Having a wife and a mistress be good friends isn’t at all uncommon in the land of menage a troises. Some say not just the French but all people are bisexual, and they operate somewhere on the continuum from fanaticism to 50th%ile depending on their degree of freedom and curiosity. Anyways undoubtedly some women are. And what woman wouldn’t want a wife? Someone beautiful who loves you too to kiss and cuddle and shower shave and shit with, a cooperator not a cooperator, to cherish til death do you part even if your husband is late. To raise the kids with, to lean on, a strong sister who contributes harmony and laughter to the team, i.e. family, aka tribe.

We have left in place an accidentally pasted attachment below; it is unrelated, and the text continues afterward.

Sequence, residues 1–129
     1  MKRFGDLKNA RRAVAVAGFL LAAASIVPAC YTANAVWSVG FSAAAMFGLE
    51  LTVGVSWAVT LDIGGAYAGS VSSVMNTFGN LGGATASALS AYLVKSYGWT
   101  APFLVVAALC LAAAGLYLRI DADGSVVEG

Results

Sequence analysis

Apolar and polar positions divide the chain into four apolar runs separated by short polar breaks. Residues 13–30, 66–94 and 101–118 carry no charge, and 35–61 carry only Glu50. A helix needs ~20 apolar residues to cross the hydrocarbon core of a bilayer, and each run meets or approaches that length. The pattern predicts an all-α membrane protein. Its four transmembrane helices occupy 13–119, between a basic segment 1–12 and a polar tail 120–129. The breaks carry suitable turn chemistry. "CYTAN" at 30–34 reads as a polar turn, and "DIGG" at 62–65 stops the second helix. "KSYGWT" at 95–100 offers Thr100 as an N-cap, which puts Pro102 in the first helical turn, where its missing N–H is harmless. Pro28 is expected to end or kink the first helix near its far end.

But I’d be devastated if either of them had something on the side; so would they should I.

I read an article about how being poly could help you transcend your ego; that jealousy was an attachment which leads to suffering. It was very Buddhist- I liked it. But I don’t allow other men’s dicks anywhere near my wife. She’s appreciative. My dick for her is enough. I’m appreciative. Slutty isn’t my type.

However I do like various vaginas you know? I think I might, like, identify as polyamorous-orientated and that.

My wife is 31 and childless; all she requires is that she bear my first. She knows I dream of children (literally); that I want to create some in a spiritual sense, and by doing so, hopefully achieve my own brand of enlightenment, i.e. vocation, aka purpose.